Another contract signed by the Chicago Blackhawks, another lesson learned for the NHL and its community. And, with the CBA negotiations realtively close, these lessons may find their ways into a CBA near you in the not-so-distant future. In this case, Larry Brooks of the New York Post reports that the NHL owners are likely to bring player contract term limits to the table in two years.
Frontloading American as Apple Pie?
First, Brooks states, as though it were well settled or simple, that long-term contracts with almost nonexistent late-term pay – like those of Marian Hossa or Chris Pronger – are perfectly permissible under the current NHL CBA and even compares the practice with the NHL’s waiver system, whereby teams release unwanted or overpaid players in hopes of obtaining a lighter annual cap hit if/when the player (i) is claimed by another team or (ii) clears and heads to the team’s minor league affiliate. In so doing, Brooks essentially says that such long-term contracts are as recognized and permissible a practice as a run-of-the-mill waiver transaction for lessening a particular player’s effect on the cap.
At the least, it’s a difficult comparison for Brooks to make. On one hand, the waiver process is, by the terms of the CBA itself, a legitimate way for teams to clear cap space. In other words, not only does the CBA contemplate waiver transactions, it provides a detailed process which teams are required to follow to perform such a transaction.
On the other hand, while the practice is not impermissible on the face of the CBA – a point Brooks seems to recognize – the use of long-term contracts with “out years” is certainly not contemplated by the terms of the CBA as a permissible way to ease a contract’s hit against the salary cap.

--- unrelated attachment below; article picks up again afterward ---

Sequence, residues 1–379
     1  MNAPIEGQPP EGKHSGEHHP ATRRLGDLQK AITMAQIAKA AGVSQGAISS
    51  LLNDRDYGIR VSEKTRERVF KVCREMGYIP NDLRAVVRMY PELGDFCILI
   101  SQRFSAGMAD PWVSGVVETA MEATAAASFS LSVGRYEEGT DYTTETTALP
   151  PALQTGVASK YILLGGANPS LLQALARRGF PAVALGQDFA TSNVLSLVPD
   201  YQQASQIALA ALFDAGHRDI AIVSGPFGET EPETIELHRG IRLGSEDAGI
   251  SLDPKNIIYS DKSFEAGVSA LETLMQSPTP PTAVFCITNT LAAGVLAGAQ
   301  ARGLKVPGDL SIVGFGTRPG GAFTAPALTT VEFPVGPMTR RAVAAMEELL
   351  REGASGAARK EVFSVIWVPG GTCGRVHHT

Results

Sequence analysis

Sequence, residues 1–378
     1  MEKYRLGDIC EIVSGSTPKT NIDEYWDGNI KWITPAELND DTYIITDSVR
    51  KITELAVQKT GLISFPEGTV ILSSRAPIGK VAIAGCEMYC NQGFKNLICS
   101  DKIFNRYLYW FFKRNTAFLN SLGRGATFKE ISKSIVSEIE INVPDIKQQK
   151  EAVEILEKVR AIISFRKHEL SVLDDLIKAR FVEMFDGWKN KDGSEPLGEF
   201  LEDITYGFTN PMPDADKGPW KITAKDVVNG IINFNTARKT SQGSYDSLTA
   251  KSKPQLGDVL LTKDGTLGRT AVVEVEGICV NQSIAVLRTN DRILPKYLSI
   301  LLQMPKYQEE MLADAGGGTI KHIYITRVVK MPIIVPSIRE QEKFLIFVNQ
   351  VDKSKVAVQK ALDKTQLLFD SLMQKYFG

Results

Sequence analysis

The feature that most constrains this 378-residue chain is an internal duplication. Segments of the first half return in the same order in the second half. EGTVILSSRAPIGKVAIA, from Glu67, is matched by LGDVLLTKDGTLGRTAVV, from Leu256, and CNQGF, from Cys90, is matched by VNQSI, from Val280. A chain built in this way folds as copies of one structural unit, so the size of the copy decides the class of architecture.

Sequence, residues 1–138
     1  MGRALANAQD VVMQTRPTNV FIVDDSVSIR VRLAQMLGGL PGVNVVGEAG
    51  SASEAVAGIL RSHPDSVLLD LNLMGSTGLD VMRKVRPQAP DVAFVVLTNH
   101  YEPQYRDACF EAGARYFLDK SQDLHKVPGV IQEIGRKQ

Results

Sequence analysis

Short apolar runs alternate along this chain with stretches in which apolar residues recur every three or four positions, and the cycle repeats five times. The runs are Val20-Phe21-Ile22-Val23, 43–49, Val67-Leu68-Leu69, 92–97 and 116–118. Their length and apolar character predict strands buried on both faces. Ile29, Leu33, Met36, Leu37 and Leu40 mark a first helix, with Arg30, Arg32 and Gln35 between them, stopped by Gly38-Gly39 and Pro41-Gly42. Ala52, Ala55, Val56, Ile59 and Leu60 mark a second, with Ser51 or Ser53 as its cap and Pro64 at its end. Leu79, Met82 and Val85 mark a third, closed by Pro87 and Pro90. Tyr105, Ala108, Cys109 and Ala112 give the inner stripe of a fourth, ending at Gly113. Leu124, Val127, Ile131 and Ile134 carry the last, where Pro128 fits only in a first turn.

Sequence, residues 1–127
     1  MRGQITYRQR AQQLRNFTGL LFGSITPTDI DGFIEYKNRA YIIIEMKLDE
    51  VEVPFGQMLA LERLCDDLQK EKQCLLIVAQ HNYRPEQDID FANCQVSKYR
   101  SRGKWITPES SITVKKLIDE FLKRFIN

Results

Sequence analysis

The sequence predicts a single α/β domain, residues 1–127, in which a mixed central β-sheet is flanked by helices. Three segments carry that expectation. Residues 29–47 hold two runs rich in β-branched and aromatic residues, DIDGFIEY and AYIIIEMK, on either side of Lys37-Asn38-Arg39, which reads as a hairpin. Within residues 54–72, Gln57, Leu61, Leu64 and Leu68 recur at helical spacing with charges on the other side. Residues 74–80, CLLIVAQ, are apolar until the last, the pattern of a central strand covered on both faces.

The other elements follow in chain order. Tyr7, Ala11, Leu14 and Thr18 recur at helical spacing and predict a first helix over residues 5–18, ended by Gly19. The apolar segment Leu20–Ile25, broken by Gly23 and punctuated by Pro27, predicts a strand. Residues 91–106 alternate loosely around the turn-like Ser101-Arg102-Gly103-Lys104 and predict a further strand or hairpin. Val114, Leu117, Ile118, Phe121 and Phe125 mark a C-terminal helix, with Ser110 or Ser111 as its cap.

Then, one considers the Circumvention article.
As many have alluded to before, the Circumvention article serves as a “catch-all” for any agreement which has the effect of muting any clause of the CBA at large. In other words, while a particular practice may not be expressly prohibited by the terms of the CBA, it may still be considered impermissible by the NHL if the league determines the practice is an attempt to evade a collectively bargained process or rule within the CBA.
Suffice it say, not only is Brooks wrong on his contention that these contracts are perfectly permissible, but the practice is arguably exactly the kind of action made impermissible by Article 26, the article governing circumvention. Consider the following “Example” of circumvention as set forth in Section 26.15(a) of the CBA:
“A Club has a Club Salary that would exceed the Upper Limit, other than through the Bona-Fide Long-Term Injury/Illness Exception or the “Performance Bonus Cushion,” such as by virtue of an undisclosed agreement or undisclosed payment to Players on its roster.”
Thus, there is no doubt: long-term contracts accompanied by a mutual understanding that the player would retire before the contract’s term expired are prohibited, though not expressly, by the current agreement that governs the business of the NHL. Proving that teams and players came to such understandings is the tricky part.